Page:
Also published on A Younger Theatre
After Liverpool has nothing to do with the city in North West England – it’s best to reveal that detail straightaway so there are no misconceptions of scousers with their hair in rollers, jacking up cars and trying to nick their wheels (stereotype alert). Hollie Hales and Stephen Papaioannou ask questions, short and sharp and direct. Answers, they don’t seem to matter. Deep and meaningful conversation, that’s not important. Similar interests are few and far between – these are simply superficial facts anyway. Where are the details? What is this play about? Does it actually matter??
Sam Luffman directs James Saunders’ After Liverpool as part of the Stomping Ground Festival, a Young Director’s training programme set up by StoneCrabs Theatre Company. Luffman injects pace and intrigue instantly into this performance – as the audience take their seats the two actors are sat opposite, eyeing each other up in their pursuit on lustful conquest. This production requires a fast-paced, intricate understanding between the two, verbal tennis is the game of choice here. Hales and Papaioannou serve, rally and volley with expert precision, in tune with each other to snap off the end of one line into another. This opening is electric.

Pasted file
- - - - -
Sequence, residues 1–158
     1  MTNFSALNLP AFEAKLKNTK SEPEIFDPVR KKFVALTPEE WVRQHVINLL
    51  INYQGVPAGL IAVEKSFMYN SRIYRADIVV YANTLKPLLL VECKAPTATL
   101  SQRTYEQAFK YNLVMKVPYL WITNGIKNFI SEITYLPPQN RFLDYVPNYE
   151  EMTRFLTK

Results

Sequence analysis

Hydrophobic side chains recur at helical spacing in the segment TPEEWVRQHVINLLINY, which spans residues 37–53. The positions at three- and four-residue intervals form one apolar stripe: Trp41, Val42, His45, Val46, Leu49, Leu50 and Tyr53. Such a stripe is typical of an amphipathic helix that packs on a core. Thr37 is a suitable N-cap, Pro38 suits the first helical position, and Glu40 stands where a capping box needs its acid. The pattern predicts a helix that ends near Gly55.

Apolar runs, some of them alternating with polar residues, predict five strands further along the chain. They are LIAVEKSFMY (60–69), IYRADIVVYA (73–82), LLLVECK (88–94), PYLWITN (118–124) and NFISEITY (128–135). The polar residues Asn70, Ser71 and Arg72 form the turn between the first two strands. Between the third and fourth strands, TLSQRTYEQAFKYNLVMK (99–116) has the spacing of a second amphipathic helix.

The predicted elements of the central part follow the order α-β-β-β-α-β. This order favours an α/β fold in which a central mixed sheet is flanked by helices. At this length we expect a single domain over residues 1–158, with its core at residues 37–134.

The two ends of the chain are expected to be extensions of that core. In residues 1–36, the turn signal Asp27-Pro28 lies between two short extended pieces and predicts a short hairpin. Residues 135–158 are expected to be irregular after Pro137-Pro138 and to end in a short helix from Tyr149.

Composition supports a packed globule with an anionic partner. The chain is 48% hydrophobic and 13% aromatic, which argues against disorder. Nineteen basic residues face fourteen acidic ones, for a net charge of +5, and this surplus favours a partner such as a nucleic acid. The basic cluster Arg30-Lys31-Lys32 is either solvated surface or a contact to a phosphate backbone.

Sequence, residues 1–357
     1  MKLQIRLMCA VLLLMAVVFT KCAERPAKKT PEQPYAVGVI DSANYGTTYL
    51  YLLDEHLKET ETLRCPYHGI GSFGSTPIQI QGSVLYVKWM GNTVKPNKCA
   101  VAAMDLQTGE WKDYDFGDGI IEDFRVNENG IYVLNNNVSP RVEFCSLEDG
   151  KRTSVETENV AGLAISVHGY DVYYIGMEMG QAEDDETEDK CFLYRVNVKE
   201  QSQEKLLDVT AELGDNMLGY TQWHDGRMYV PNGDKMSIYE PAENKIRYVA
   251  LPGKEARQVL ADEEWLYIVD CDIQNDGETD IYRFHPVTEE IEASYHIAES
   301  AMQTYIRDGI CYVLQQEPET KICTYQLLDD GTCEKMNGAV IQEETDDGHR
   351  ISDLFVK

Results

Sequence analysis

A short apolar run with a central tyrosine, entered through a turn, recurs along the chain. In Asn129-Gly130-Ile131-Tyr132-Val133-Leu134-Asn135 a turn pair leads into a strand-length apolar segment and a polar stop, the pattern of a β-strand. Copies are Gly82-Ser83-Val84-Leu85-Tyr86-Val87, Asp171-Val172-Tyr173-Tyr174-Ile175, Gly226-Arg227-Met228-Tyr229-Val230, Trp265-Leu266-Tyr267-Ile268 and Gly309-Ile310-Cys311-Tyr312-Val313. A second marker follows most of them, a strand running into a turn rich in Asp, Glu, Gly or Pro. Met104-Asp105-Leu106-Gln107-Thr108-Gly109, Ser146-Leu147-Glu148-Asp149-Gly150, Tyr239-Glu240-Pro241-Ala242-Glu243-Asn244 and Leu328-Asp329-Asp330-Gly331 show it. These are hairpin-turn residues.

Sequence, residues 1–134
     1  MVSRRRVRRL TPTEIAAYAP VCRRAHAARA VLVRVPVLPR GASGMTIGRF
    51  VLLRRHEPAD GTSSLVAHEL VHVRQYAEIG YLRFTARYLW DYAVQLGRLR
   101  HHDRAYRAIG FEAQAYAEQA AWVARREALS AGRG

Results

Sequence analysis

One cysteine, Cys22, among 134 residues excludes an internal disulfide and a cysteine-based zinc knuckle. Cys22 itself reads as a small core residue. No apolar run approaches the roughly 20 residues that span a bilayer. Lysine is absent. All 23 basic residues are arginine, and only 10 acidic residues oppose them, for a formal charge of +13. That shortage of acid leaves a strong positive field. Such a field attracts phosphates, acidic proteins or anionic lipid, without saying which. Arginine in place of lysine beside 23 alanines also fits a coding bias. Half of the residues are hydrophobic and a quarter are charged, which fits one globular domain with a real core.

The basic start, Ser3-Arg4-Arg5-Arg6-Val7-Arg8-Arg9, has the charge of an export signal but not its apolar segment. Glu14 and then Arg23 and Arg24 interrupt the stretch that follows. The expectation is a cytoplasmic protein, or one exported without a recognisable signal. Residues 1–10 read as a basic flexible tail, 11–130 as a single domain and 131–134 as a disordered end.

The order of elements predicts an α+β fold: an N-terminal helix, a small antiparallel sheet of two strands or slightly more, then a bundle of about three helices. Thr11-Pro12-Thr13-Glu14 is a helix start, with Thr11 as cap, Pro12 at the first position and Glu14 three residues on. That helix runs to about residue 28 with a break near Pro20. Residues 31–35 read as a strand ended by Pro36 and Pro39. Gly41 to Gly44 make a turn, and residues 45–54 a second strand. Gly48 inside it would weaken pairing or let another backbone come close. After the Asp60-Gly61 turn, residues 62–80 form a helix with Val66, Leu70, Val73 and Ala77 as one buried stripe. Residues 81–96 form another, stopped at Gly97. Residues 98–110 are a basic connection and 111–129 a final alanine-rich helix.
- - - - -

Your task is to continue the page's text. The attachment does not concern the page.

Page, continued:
Hales is the tease, but so is Papaioannou. She frustrates him, flirts with him – a game of cat and mouse that always results in sex. It’s the chase that excites, the catch is an all too brief and unsatisfactory moment of pleasure. But the thrill of the chase begins to fade too – Luffman’s work with the characters reveals brief moments of heartfelt honesty that are purposefully thrown aside amongst the rubble of this relationship. This is a time hop of all the arguments, snipes and jabs that the two have. The ending is inevitable in this setting, it doesn’t need further accentuate other than powerful performances. We get this in spades with these two actors. Luffman reveals the insecurities through the dialogue, a need for communication and intimacy versus an irrational annoyance at pointless exchanges. Hales is biting and cold, Papaioannou sniping back with equal vitriol but still requiring to be closer than arms’ length.
“You don’t give much away” – Luffman clearly doesn’t intend to. Saunders writes After Liverpool purposefully devoid of those normal details that give colour and meaning to a situation. Luffman understands this, takes the concept and runs with it – simple, stylish, stunning.